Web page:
Breitbart – Florida’s House Democratic Caucus voted unanimously Tuesday to ensure that teachers cannot shoot back if under attack.
All 41 members voted against allowing teachers and school staff to undergo training to be armed for self-defense.
The Tampa Bay Times reports that the House, nevertheless, voted 71-42 in favor of arming teachers.
Infowars – Security at America’s airports must move beyond checkpoints toward public areas to adapt to the dynamic threat of terrorism, says the new Transportation and Security Administration chief.
David Pekoske, the new TSA administrator and former U.S. Coast Guard Vice Admiral said the agency must adapt to the shifting risks from terrorists.
CNN – One person has been taken into police custody in connection with a shooting that killed one student and injured another at an Alabama high school, police said Thursday.
Reuters – President Donald Trump’s former campaign manager Paul Manafort pleaded not guilty on Thursday to additional criminal charges ranging from bank fraud to filing false tax returns.
Economy & Business
ABC – President Donald Trump’s trade and manufacturing adviser says the president’s planned tariffs for steel and aluminum imports would not immediately apply to Canada and Mexico.
The adviser, Peter Navarro, tells Fox Business that Trump intends to sign a proclamation including such a clause favoring the U.S. neighbors.
Navarro says the tariffs would go into effect within 15 to 30 days.
BBC – Eleven Asia-Pacific countries have just signed the trade pact formerly known as the Trans-Pacific Partnership. In the absence of the US, it has been renamed the Comprehensive and Progressive Agreement for Trans-Pacific Partnership (CPTPP).
Energy & Environment
RT – Schools are shut and thousands are without power as the northeast of the United States suffers through its second winter storm in a week. States of emergency have been declared in Pennsylvania and New Jersey.
Science & Technology
Breitbart – The article published in the Wall Street Journal is titled “Facebook Really Is Spying on You, Just Not Through Your Phone’s Mic.” The article outlines a phenomenon that many people have claimed to experience — talking about a product or a destination to a friend, and a short while later receiving ads for the product or cheap flights to the destination they discussed. This leads many to believe that Facebook is accessing users’ phone microphones to listen in on conversations in order to determine what advertisements to display to them. But, according to Facebook, they do not possess the resources to analyze audio from billions of users.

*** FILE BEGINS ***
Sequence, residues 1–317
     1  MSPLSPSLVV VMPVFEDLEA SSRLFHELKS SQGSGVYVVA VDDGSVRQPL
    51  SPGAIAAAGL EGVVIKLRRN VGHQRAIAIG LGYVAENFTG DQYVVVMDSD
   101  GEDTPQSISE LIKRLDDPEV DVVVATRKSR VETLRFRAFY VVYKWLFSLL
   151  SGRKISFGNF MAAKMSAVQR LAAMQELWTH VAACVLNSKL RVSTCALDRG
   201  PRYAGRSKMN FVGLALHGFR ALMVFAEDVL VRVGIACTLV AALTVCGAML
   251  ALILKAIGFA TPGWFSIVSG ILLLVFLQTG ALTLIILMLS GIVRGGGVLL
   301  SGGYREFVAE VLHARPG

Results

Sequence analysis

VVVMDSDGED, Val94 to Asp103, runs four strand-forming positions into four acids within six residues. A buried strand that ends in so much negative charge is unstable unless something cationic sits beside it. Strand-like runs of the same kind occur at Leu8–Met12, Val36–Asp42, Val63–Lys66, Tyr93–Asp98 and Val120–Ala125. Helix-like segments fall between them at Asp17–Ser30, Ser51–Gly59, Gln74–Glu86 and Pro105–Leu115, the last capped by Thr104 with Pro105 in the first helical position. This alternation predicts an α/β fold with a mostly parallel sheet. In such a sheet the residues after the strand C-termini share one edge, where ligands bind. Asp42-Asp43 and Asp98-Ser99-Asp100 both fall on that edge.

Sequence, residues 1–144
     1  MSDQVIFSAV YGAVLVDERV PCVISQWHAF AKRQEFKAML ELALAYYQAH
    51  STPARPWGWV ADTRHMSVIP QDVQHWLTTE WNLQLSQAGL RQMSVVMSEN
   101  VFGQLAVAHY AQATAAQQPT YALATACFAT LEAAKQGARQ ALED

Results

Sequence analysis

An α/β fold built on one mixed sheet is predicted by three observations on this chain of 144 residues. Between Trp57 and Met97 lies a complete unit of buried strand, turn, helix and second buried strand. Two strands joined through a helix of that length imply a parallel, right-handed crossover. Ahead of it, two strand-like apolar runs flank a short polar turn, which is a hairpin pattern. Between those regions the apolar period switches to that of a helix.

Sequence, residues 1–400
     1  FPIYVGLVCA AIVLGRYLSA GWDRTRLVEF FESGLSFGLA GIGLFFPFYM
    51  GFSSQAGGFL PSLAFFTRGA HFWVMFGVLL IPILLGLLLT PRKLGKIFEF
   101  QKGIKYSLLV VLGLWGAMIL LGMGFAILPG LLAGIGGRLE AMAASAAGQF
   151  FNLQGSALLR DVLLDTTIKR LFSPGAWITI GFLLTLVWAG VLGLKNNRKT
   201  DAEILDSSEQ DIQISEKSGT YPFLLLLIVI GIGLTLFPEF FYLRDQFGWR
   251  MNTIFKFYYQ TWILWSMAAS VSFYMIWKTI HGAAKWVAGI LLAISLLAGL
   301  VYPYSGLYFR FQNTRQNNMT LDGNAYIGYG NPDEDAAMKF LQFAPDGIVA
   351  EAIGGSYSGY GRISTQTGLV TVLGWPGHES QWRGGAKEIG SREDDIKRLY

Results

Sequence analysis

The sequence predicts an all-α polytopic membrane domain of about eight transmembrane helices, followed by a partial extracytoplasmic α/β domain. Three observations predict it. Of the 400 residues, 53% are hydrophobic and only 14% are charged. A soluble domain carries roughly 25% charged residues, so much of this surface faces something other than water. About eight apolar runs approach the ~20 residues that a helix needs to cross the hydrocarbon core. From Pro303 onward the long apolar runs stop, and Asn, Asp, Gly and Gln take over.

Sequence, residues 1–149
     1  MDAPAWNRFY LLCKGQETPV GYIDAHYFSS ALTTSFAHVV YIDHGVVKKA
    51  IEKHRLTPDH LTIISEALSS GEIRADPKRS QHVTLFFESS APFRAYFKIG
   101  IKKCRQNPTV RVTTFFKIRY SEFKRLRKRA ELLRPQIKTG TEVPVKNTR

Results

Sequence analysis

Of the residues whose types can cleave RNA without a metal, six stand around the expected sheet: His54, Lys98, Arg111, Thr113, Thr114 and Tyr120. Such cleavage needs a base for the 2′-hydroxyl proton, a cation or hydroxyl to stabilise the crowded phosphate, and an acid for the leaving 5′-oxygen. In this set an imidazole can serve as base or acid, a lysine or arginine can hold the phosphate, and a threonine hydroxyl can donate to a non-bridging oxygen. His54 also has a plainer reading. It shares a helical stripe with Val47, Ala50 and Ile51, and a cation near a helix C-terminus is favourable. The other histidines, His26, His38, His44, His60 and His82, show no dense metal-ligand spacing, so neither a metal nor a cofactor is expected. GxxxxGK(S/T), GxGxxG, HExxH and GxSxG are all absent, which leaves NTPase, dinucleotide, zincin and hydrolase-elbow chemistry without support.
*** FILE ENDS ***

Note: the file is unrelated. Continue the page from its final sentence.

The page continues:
Gardening, Farming & Homesteading
Marketwatch – Opioid overdoses jumped 30% from July 2016 to September 2017 in 52 areas across 45 states, the Centers for Disease Control and Prevention said Tuesday. Opioid overdoses increased in the Midwestern region over the same period and spiked 54% in the largest cities in the country.
Daily Mail – Brazil’s yellow fever death toll hits 260: Cases continue to spiral as the country battles its largest outbreak of the killer disease in 18 YEARS
CNN – An outbreak of Salmonella Typhimurium linked to chicken salad has sickened another 105 people, bringing the total to 170 in seven states, the US Centers for Disease Control and Prevention reported Thursday. No deaths have been reported, but 62 people have been hospitalized.
American Veternaria – An investigation into multiple Salmonella enteritidis infections that occurred over the last 3 years has identified the likely culprit—pet guinea pigs.
The CDC, several states, and the US Department of Agriculture Animal and Plant Health Inspection Service have been investigating this multistate outbreak since December after a cluster of Salmonella enteritidis infections were identified as being closely related genetically